Chimps’ secret handshakes, the hand-holding behavior that takes place during grooming, might be a sign that chimpanzees have distinct and differing cultures, new research has found.
Chimps use grooming to bond, relax, and get rid of parasites, and, in some groups, this ritual is accompanied by a special type of over-the-head hand-holding, LiveScience reported.
The chimps’ secret handshakes are not seen in all groups of chimpanzees, and the exact mechanisms of each handshake appears to vary from group to group in ways that researcher believe aren’t dependent on genetics or environment, LiveScience reported.
For researchers, that points to cultural differences between chimp groups as the reason for the differing handshakes.
“We think that this at least indicates that chimpanzees do not only respond to their environment instinctively or based on genetic predisposition,” said study researcher Edwin van Leeuwen, a doctoral student at the Max Planck Institute for Psycholinguistics in the Netherlands. “They can have a shared community tradition.”
The chimps’ secret handshakes were first studied in Tanzania and have since been seen in 15 other chimp communities. Other chimp groups appear never to hold hands during grooming.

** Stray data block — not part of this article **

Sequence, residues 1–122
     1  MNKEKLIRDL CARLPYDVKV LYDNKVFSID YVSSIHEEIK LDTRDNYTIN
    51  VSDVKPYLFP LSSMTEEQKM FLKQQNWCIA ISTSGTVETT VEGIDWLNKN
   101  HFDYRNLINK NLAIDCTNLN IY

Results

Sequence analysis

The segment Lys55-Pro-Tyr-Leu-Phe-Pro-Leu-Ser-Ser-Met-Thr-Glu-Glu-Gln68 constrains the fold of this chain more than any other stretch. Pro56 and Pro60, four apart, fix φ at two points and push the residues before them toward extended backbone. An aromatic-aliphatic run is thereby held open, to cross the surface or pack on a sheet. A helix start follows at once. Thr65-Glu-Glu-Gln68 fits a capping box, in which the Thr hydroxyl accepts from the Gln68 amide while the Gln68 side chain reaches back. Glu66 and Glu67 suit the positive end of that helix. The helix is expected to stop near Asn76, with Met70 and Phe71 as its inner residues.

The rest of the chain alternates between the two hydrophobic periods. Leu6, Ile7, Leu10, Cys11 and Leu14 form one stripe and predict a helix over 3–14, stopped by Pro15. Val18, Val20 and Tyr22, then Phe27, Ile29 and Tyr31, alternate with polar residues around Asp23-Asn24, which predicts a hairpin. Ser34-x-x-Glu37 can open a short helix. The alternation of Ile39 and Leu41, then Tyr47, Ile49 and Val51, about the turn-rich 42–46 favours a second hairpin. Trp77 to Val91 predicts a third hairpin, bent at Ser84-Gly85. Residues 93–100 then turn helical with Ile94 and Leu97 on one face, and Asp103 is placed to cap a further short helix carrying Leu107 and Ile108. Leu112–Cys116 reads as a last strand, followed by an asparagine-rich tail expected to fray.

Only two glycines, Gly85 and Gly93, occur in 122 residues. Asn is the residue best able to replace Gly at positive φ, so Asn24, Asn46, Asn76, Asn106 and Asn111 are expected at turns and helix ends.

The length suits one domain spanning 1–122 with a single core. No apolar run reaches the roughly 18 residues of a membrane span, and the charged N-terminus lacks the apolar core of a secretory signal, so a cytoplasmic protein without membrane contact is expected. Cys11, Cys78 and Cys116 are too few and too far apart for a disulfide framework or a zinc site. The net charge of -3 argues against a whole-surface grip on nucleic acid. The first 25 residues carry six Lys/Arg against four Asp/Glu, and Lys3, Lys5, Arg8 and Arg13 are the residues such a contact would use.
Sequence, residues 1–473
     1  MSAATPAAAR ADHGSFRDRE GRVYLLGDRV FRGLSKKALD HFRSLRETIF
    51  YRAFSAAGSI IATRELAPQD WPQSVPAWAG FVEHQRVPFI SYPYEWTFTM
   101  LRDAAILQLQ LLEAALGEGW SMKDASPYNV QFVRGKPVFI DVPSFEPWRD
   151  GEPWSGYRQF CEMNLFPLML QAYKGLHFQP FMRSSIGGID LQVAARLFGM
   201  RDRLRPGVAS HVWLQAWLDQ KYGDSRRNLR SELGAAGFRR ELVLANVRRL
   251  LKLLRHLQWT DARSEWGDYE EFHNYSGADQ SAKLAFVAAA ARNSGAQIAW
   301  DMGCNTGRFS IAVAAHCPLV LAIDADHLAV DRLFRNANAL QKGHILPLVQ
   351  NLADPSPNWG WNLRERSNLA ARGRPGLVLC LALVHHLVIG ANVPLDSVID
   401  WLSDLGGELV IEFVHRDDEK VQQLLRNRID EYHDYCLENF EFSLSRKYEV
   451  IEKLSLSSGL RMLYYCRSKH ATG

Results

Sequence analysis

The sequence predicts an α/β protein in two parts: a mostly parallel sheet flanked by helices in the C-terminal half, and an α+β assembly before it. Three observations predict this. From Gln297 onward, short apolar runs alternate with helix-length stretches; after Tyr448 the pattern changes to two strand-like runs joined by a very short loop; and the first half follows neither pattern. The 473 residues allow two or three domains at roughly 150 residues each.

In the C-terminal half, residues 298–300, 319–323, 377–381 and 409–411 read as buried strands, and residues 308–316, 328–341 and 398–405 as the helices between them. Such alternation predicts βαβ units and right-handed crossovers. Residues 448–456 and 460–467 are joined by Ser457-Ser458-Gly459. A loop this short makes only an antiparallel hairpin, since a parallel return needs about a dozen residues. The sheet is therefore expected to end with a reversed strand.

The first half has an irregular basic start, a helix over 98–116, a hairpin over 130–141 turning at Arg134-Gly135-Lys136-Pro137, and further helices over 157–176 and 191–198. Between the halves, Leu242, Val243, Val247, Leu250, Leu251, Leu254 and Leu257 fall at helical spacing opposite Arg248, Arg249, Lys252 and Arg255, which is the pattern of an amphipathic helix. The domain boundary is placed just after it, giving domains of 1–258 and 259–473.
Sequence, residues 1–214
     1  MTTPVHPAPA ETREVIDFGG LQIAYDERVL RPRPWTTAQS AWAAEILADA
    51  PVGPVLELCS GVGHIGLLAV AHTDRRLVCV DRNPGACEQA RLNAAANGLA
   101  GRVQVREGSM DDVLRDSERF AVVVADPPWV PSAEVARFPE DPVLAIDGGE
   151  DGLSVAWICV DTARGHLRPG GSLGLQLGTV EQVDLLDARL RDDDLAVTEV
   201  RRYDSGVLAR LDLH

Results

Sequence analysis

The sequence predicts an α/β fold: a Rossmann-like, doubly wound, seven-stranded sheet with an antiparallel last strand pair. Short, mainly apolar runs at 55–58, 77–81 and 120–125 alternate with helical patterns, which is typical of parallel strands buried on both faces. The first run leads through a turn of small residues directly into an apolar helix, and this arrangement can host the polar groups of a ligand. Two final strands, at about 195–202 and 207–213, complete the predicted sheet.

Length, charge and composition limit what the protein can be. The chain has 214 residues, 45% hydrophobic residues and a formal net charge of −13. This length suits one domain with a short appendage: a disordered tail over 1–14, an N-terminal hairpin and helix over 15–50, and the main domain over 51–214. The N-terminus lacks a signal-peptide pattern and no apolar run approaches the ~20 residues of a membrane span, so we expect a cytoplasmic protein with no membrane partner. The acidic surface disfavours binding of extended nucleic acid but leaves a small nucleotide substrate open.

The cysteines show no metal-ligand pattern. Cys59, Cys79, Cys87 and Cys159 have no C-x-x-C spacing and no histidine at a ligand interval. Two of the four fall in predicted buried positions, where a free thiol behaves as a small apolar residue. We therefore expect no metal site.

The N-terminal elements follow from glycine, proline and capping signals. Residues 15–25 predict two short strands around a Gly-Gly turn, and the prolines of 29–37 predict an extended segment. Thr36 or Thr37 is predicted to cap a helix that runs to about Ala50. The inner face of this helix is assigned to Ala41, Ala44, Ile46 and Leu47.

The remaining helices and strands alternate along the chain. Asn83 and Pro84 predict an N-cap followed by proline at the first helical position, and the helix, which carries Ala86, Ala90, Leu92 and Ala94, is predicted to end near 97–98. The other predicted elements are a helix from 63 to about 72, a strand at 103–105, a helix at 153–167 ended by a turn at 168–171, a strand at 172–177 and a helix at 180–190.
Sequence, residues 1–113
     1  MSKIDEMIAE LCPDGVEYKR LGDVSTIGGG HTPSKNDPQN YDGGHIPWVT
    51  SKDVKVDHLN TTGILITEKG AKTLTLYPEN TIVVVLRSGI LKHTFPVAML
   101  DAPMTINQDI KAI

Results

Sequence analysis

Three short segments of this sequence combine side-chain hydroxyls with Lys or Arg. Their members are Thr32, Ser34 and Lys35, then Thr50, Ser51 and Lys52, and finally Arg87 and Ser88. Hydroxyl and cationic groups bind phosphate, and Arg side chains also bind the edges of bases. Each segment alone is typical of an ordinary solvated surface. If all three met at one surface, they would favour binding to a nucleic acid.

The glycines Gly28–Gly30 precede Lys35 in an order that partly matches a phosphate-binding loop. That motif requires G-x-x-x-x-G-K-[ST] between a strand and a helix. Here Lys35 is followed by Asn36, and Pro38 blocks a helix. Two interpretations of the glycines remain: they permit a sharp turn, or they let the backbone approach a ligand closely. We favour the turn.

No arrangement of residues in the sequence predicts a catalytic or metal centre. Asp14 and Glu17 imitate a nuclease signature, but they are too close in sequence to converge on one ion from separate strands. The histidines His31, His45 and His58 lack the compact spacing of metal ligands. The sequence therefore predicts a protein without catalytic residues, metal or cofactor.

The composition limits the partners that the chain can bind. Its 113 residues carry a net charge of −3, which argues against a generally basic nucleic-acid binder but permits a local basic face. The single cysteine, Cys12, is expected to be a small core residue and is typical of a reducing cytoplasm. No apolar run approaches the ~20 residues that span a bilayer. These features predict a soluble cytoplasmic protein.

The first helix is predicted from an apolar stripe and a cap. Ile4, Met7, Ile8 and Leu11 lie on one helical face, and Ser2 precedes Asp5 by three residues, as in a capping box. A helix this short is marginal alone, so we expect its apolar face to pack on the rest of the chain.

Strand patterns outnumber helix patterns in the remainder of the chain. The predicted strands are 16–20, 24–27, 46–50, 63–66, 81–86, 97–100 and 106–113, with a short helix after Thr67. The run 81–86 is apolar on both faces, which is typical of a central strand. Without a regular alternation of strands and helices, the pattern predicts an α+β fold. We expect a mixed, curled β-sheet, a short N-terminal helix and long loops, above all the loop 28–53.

Observations revealed that the chimps’ secret handshakes were passed down from generation to generation, the Telegraph reported.
“By following the chimpanzees over time, we were able to show that 20 young chimpanzees gradually developed the handclasp behaviour over the course of the five-year study,” said Mark Bodamer of Gonzaga University. “The first handclasps by young individuals were mostly in partnership with their mothers. These observations support the conclusion that these chimpanzees socially learn their local tradition, and that this might be evidence of social culture.”
After studying groups of chimps at a sanctuary for more than 1,000 hours over the past two years, van Leeuwen and his colleagues found that of the four distinct groups, two chimp groups never used secret handshakes. The other chimp groups did hold hands, but did it differently; one group always grasped palm-to-palm, while the other hooked their wrists around each other.
“The indication might be that chimpanzees have the capacity at least to respond to their environment with more flexibility,” van Leeuwen said of the chimps’ secret handhsakes. “It’s social flexibility and that’s of course what we definitely see in humans.”